Politics in Lebanon – A Primer

Let me begin with a disclaimer.  What you are about to read is my understanding of the historical and current political situation in Lebanon.  I have tried to get facts straight to provide an objective understanding of what is going on and how Lebanon came to its current political situation.  In no way am I an expert and there are certainly layers and nuances to the situation here that I do not begin to understand.  However, I hope it provides those of you back in the states a slightly better understanding of the situation in Lebanon.

I will start with the assassination of Rafik Hariri on Febuary 14, 2005.  Hariri had twice been Prime Minister of Lebanon, having most recently resigned his post in 2001.  He is credited with the rebuilding of Beirut after the fifteen year civil war ended in 1990.  His motorcade was hit with a massive car bomb as it passed by the Saint George Hotel, about a mile from our apartment in Beirut.  Hariri and 21 others were killed in the explosion.  Immediately following the assassination people took to the streets in protest.  These initial demonstrations were aimed at Syria, which had troops in Lebanon at the time and was exerting significant influence on politics in the country.  This was the beginning of what became known as The Cedar Revolution, the goal of which was to drive Syria out of Lebanon.  Hariri had worked to push Syria out of Lebanon, and it was widely believed that Syria was behind the assassination. In response to this effort, on March 8, 2005 thousands of pro-Syrian demonstrators converged on Martyr’s Square in downtown Beirut.  Not to be outdone, the anti-Syrian forces held their own, reportedly much larger demonstration on Martyr’s Square on March 14.  As you read about politics in Lebanon there will be frequent references to the March 8 or March 14 forces.  This is where these references come from.  March 8 forces are pro-Syrian and pro-Hezbollah.  March 14 forces are their opponents.  Generally speaking, March 8 forces are Shia Muslims while March 14 forces are Sunni.  The growing conflict in Lebanon is really between these two Muslim sects. Ultimately, Syria was forced out of the country.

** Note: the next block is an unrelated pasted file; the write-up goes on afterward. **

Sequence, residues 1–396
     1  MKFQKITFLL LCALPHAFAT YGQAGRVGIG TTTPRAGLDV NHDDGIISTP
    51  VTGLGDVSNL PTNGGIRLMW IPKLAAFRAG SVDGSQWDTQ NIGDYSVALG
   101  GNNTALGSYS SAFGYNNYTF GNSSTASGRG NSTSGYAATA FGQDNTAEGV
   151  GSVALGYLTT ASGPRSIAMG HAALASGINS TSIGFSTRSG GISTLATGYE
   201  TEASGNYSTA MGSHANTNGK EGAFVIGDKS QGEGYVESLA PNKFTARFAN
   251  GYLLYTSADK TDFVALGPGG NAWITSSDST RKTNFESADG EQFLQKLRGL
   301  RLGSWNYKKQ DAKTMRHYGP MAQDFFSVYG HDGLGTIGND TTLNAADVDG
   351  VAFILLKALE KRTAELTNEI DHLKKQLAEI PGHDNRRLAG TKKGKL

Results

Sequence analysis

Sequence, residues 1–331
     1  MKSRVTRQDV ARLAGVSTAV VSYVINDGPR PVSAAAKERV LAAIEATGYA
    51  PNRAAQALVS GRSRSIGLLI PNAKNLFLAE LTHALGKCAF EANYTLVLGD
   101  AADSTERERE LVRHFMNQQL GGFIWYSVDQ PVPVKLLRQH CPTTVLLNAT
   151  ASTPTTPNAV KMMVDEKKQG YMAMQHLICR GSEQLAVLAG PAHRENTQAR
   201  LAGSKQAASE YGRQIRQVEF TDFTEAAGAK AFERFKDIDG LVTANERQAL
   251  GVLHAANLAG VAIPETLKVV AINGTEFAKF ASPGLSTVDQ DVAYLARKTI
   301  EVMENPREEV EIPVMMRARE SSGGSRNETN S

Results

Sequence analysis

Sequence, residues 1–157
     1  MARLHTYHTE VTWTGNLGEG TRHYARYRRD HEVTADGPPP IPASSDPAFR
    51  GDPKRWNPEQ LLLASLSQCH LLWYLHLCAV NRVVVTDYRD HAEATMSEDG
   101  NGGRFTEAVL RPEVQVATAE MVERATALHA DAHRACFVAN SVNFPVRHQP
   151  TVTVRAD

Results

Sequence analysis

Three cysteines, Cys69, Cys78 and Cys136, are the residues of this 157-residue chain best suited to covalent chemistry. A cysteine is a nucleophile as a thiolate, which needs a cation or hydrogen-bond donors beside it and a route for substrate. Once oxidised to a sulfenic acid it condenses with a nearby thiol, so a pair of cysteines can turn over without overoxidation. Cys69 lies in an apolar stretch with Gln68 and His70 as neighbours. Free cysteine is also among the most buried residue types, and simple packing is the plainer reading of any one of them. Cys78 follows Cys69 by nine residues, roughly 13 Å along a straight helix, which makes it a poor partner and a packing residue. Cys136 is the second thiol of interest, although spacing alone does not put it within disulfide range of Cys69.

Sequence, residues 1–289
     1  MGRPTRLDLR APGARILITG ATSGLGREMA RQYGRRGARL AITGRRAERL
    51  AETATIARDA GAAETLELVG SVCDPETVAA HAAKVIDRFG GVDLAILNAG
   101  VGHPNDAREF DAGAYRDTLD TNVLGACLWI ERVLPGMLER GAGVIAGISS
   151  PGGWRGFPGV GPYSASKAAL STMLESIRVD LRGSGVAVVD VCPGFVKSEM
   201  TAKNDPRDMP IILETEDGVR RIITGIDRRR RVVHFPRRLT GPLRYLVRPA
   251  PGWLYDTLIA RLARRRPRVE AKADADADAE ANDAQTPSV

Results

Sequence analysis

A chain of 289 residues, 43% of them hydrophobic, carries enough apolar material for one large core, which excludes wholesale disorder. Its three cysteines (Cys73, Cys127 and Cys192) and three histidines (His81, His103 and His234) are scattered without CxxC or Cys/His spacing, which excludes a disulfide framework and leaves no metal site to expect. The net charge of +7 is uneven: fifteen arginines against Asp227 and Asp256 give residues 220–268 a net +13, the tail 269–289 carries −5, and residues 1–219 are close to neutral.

Rafik Hariri

In response to Hariri’s assassination the UN set up an International Tribunal to investigate and ultimately determine who was responsible for the assassination.  Since the late summer of this year reports of the Tribunal’s findings have been circulating.  While early reports indicated that Syria was responsible, all reports now say that Hezbollah officials or operatives will be indicted.  This is the source of all the current tension in Lebanon.

Hassan Nasrallah - Hezbollah's leader

Hezbollah.  Known in the US as a terrorist organization. This organization began in the late stages of the civil war (1975-1990) with a goal of driving Israel out of the country.  Since then it has grown into a strong force for social and economic support, at least for Shia populations in Lebanon.  It has a strong, well trained militia which many people believe is much stronger than the Lebanese army.  Over time Hezbollah changed its aim, and in addition to providing social services it also developed a political arm. In the past parliamentary elections  several Hezbollah party officials were elected to the Cabinet. (I’m not sure elections is the right term as even some Lebanese we talked with can’t describe how ministers get “elected”)  As the country waits for the International Tribunal to make its findings public, Hezbollah has been very vocal in its opposition to the Tribunal and the potential for its people to be indicted.  In an attempt to force the hand of the current Prime Minister (Rafik Hariri’s son) to disavow the Tribunal, ten Hezbollah aligned Cabinet members recently resigned, thus bringing down the government.

Rafik Hariri with his son, current(soon to be ex PM) Prime Minister Saad Hariri

You likely read about this.  The most recent unrest was an attempt by both sides to influence the President of the country who was responsible for naming a new Prime Minister.  This of course depended upon how the ministers aligned themselves; with the March 8 forces or the March 14 forces.  When Walid Jumblatt, a long time influential minister threw his support behind the March 8 forces, it pretty much sealed the deal and guaranteed that the March 8 forces would get to name the next Prime Minister.  Najib Mikati has been named  the next Prime Minister.  He is Sunni (required by law), but is considered to be aligned with the March 8 forces.  (The constitution requires certain positions be held by members of certain religions.  The more than a dozen religious sects in Lebanon must be represented in the government….somehow.)

The one certainty in Lebanese politics is that it is complicated. The country remains tense but calm at this point in time.  There is no doubt that when the Tribunal releases its findings there could be more turmoil.  All sides are calling for calm.  Only time will tell if the people listen.


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One Response to Politics in Lebanon – A Primer

  1. Franklin Chrisco says:

    Very clear Mike. Understanding how complicated this history has been for many years, your attempt to give us a context at this moment is helpful. I’m wondering how the Facebook revolution affecting other nations will impact their response to the release of the report.

    Is your back recovered from your skiing?

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